Moon Phases in April 2012:

Full                            April 6, 2:19 p.m.

Last Quarter       April 13, 5:50 a.m.

New                           April 21, 2:19 a.m.

1st Quarter           April 29, 4:57 a.m.

Sunday, April 8 is the first Sunday after the first full moon following the first day of spring. Therefore, it’s Easter Sunday.

On most clear Saturday nights at the George Observatory, you can hear me do live star tours on the observation deck with a green laser pointer. If you’re there, listen for my announcement.

To enjoy the stars in any weather from the comfort of the HMNS Planetarium, click here for a full schedule.

Seeing Stars with James Wooten: March 2012

March 2012 features all five visible planets, visible at convenient evening hours!

Astronomy Day 2008

Venus continues to appear higher and higher in the sky each night, outshining everything but the Sun and the Moon.  Look for it in the west at dusk.  It is also still approaching Jupiter each night as March begins.  On the first few nights of March, Venus is just over 10 degrees below Jupiter in the west.  However, Venus continues to close that gap until March 13, Venus and Jupiter are side by side, with Venus on the right.  After that, Venus pulls away, appearing higher than Jupiter in the west at dusk.  Jupiter outshines everything in our sky except the Sun, the Moon, and Venus.  Venus and Jupiter thus make a spectacular pair in the west this month.

Mars has joined Jupiter and Venus as an evening object.  Face east at dusk and look for the brightest point of light in that direction.  Although not as bright as Venus or Jupiter, Mars has brightened enough to rival Sirius, the brightest star we ever see at night. On March 3, Earth passes between Mars and the Sun, putting Mars in our sky literally all night long (an alignment called opposition).

Mercury is ordinarily too close to the Sun to observe; only rarely is it far enough from the Sun to be still up after sundown.  Early March 2012 is one of those rare times, however.  During the first two weeks of March, look for Mercury low in the west at dusk, between Venus and the point of sunset.  Mercury is highest in the sky on March 5 and gets a little harder to see each day after that.

Saturn becomes a late evening object this month.  Look in the south southeast beginning at about 10:00 pm on March 1, and by 8:40 (just after twilight ends) on March 31.  Saturn is near the star Spica.  (From the Big Dipper’s handle, arc to Arcturus and speed on to Spica).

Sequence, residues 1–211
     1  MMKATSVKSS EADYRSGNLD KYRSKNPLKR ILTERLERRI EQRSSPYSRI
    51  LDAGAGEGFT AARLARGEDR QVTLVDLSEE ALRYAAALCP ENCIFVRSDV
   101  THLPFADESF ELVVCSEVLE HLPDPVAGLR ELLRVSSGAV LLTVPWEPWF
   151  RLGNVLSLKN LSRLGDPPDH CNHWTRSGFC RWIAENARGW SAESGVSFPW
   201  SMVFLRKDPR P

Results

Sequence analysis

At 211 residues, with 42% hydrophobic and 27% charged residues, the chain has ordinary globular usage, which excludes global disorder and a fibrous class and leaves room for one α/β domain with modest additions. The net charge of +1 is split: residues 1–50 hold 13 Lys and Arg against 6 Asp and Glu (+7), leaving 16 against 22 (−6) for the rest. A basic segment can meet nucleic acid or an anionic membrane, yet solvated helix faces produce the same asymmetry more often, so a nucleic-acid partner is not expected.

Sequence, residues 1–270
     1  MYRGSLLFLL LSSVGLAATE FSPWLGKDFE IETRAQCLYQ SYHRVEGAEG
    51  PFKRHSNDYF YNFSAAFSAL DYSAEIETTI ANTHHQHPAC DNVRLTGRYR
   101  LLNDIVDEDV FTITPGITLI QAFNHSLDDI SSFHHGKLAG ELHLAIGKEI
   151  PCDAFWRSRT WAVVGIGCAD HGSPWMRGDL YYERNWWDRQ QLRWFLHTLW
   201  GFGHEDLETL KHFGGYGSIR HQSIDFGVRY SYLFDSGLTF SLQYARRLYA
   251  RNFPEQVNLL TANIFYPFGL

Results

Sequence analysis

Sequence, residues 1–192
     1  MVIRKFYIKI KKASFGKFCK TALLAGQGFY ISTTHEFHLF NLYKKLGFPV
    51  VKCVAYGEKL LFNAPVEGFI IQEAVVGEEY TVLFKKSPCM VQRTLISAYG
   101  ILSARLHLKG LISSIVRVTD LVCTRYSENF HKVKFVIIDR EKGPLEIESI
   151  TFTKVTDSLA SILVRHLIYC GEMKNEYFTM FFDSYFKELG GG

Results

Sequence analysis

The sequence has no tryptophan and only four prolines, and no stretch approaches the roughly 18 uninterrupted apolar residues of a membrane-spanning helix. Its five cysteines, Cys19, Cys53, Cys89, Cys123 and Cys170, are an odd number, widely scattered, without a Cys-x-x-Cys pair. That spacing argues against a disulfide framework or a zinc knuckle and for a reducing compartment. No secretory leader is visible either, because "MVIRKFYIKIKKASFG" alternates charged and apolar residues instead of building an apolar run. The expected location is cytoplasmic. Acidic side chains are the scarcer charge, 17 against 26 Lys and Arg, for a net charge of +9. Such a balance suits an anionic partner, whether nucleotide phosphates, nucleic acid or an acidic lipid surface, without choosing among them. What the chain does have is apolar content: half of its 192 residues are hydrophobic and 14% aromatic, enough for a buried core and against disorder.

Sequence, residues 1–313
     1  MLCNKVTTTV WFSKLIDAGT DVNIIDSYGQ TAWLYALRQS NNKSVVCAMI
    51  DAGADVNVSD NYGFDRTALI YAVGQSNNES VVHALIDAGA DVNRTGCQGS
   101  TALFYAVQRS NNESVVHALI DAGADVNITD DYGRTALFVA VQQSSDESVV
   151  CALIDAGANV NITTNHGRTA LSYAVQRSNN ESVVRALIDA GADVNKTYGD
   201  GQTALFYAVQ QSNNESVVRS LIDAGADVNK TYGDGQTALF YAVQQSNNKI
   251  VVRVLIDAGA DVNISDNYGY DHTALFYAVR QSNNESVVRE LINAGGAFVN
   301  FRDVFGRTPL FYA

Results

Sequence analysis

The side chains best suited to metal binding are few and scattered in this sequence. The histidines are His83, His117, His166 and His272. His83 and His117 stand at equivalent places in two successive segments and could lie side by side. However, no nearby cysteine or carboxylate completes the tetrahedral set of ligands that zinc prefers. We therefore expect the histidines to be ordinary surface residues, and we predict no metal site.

Big Dipper in a big sky

Brilliant winter stars continue to dominate the southern sky at dusk.  Orion, the Hunter, is almost due south.  His two dogs, represented by Sirius and Procyon, are to his left.  Above Orion is Taurus, the Bull with Aldebaran as its eye. Gemini, the Twins, are to Orion’s upper left.  Leo, the Lion, is rising in the east.

Below Sirius, just above the southern horizon, is a star second only to Sirius in brightness.  This is Canopus, which marks the keel (bottom) of the legendary ship Argo Navis.  Canopus is so far south, in fact, that most Americans never see it.  From the Gulf Coast, however, Canopus does rise.  February and March are the best months to see it at dusk.

Moon Phases in March 2012:

Full                               March 8, 3:41 am

Last Quarter                  March 14, 8:26 pm

New                              March 22, 9:38 am

1st Quarter                     March 30, 2:41 pm

At 12:13 am on Tuesday, March 20, the Sun is directly overhead at the equator.  This, then, is the vernal (spring) equinox, marking the official beginning of spring in the Northern Hemisphere.  In the Southern Hemisphere, summer turns to fall.

Visit www.hmns.org for the latest planetarium schedule.

On most clear Saturday nights at the George Observatory, you can hear me do live star tours on the observation deck with a green laser pointer.  If you’re there, listen for my announcement.